The toughest of the five senses to transmit through the screen, smell compels writer-director Grégory Magne’s “Perfumes,” an enchanting journey into life’s assorted aromas. Smell is also at the center of Anne Walberg’s existence and profession as “a nose” — meaning, someone blessed with highly advanced olfactory receptors, like a sommelier, but for fragrance. A sometimes pleasant, other times sour experience for most of us, smell means a lot more, if not something entirely different, to Anne (the ever-prolific Emmanuelle Devos), who works as a freelancer, consulting different types of luxury brands on their products, following her retirement from a fruitful career as a highly sought-after perfume designer in France.
Elegantly directed and perceptively written with conventional yet feel-good notes around friendship and second chances, “Perfumes” isn’t primarily about the reserved and haughty artisan Anne, however. Rather, the lovably disheveled Guillaume (Grégory Montel of “Call My Agent”) serves as our entry point to Magne’s story, which signposts well in advance how these two polar-opposite, fraught souls would eventually enmesh to save one another, like two lush scents combined to unleash one another’s powers. It’s a predictable enough conclusion, but that doesn’t lessen the uplifting linger of the film, which feels ripe for an American remake.
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A chauffeur-for-hire whose business is in trouble due to all the points deducted from his driver’s license, Guillaume struggles in ways that are worlds apart from Anne’s upper-class reality. For starters, he is crammed into a small studio apartment, a living arrangement that won’t help him win joint custody of his tween daughter Léa (Zélie Rixhon) alongside his ex. This frantic Parisian wants nothing more than some well-earned time with his kid, but the city’s countless transgressions — plus an unsympathetic legal system — complicate his best efforts.
Opportunity comes knocking when he gets hired as Anne’s private driver while she travels for work, though their first impression of each other could hardly be any more disagreeable. Since “Perfumes” is ultimately (and refreshingly) a tale of platonic friendship and not a romance, the early dynamic between Anne and Guillaume resembles a good cop/bad cop routine more than a salty meetcute, and Magne has some fun with the comedic situation.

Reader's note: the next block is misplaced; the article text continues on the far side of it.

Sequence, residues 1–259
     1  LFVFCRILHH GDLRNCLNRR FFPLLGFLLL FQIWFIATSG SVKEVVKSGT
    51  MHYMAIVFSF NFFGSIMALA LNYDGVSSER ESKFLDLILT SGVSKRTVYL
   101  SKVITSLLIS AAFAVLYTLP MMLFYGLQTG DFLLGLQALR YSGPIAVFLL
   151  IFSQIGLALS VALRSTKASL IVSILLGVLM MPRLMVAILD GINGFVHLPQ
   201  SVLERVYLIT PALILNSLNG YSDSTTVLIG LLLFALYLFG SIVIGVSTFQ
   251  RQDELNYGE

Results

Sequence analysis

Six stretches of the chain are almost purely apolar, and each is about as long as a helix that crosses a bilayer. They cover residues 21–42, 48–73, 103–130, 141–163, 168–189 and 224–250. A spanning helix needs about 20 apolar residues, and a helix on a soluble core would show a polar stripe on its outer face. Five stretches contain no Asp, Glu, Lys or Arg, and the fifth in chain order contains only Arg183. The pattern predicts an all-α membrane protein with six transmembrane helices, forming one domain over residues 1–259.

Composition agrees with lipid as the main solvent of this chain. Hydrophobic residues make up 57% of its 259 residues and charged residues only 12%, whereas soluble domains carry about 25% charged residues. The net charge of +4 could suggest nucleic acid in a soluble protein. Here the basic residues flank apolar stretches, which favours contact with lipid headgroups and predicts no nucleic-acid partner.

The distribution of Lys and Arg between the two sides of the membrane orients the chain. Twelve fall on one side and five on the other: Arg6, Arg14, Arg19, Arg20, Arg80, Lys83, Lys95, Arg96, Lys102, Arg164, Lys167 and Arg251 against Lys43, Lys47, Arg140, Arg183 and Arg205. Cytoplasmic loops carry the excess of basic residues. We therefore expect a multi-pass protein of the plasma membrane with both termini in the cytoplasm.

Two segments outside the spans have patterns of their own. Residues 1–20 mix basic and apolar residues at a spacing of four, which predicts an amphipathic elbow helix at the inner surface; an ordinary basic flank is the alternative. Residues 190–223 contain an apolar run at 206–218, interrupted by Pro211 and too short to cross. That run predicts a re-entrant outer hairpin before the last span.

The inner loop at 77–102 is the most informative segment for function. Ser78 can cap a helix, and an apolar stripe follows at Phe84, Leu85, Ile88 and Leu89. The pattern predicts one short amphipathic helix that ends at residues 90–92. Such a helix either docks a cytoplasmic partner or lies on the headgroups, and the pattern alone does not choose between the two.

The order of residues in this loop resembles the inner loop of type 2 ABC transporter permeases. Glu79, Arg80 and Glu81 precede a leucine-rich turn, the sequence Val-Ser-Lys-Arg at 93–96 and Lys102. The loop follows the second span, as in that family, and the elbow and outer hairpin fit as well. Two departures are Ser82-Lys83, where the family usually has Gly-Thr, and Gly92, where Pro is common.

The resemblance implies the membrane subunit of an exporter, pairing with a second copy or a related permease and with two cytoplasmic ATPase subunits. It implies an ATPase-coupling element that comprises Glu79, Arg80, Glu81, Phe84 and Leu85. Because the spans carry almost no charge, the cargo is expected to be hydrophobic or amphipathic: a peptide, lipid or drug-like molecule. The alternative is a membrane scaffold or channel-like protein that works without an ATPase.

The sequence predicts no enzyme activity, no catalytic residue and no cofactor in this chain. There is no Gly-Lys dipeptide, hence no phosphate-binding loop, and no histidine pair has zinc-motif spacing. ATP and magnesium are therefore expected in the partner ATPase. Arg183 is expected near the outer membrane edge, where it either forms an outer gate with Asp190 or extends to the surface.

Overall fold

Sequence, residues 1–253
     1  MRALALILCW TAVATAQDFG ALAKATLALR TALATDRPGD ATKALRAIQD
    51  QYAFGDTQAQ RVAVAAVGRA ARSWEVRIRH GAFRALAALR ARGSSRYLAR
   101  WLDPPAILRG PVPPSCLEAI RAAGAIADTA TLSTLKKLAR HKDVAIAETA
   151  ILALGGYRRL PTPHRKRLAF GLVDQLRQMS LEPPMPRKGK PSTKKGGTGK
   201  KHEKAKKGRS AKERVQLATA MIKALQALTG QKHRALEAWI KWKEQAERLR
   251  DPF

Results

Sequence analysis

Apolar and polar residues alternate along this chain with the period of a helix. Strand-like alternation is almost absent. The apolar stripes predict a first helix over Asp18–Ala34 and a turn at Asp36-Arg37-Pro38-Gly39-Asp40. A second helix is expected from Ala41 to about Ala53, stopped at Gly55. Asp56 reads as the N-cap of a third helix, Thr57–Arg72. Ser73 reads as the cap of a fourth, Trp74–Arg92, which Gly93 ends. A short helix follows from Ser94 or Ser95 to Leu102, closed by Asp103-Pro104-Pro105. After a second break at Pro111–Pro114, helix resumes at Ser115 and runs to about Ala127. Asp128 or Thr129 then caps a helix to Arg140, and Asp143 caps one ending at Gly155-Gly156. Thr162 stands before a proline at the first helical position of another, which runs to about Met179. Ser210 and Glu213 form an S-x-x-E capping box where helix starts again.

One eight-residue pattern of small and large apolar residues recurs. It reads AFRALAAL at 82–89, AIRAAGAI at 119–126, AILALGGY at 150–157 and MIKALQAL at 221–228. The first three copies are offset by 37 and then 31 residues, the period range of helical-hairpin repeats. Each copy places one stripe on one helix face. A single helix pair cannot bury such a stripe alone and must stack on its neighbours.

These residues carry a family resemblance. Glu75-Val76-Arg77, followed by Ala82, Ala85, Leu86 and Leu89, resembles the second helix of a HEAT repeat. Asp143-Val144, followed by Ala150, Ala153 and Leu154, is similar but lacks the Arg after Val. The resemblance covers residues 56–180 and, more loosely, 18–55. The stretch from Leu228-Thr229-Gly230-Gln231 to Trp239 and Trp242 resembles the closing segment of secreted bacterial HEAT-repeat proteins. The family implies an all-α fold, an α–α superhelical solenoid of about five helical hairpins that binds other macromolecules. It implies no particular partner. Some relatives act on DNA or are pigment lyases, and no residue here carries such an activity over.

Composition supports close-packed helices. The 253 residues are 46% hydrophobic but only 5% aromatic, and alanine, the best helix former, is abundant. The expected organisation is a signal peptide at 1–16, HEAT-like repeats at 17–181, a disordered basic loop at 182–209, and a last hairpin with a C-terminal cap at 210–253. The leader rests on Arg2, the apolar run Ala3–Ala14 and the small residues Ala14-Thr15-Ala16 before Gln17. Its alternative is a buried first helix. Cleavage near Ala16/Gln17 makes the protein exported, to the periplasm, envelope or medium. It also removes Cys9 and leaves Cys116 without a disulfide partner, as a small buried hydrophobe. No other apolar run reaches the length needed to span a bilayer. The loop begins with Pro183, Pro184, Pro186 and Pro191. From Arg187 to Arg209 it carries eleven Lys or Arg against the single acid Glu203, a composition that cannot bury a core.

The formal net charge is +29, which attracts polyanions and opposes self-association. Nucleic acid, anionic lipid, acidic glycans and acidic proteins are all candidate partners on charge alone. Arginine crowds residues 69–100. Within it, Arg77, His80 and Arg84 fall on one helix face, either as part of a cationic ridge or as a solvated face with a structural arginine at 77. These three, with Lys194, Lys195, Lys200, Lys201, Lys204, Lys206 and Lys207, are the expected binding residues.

A silent mystery at first, Anne keeps making absurd demands from her driver, like asking him to replace the sheets in her luxurious lodging just because she can’t stand the clean-smelling chemical hotels insist on using. She also disapprovingly discards his beloved cigarettes. But realizing in due course that Guillaume isn’t someone she can freely boss around, Anne softens her demeanor and befriends him, while slowly unlocking his hidden nasal talents.
In return, the more impulsive Guillaume alleviates Anne’s social anxieties and improves her business in unexpected ways. The two actors, both delivering conscientious and layered performances, establish remarkable chemistry throughout “Perfumes,” rivaled only by the natural rapport between Montel and the astonishing young actor Rixhon, whose numbered but significant scenes center the narrative with a heartwarming quality. In particular, a father-daughter beach trip on Léa’s birthday lends the film its most sincere sequence.
Perhaps the most fascinating element of “Perfumes” is its inside look into an array of industries that count on the sharpest of human noses. From a high-end handbag designer looking to disguise the stench of some excessively tanned leather to touristic attractions like caves wishing to recreate authentically fragrant experiences for their visitors (this part was reportedly inspired by Werner Herzog’s “The Cave of Forgotten Dreams”), there’s a wealth of small yet intriguing tidbits here about how people like Anne utilize their natural abilities. In this realm, there are also some odd missteps in Magne’s script, like crediting the fictional Anne with concocting Christian Dior’s legendary J’Adore fragrance, which was in fact fashioned by master perfumer Calice Becker.
Moreover, “Perfumes” leaves some of its name-checked scents undefined, a curious vagueness for a film that was apparently advised by Hermès in-house perfumer Christine Nagel. While this choice leaves too much to the imagination of the viewer at times, it admittedly also spawns a realistic understanding of Anne’s everyday and consequent loneliness amid people unable to process things the same way she does.
Elsewhere, there are certain themes you wish “Perfumes” would go a touch deeper on, such as the class divergence between Anne and Guillaume. Then again, this is a film that chooses to keep things crisp and feather-light. And there is nothing wrong with the movie equivalent of a modestly happy floral cologne you’d splash on for a little daytime pick-me-up.
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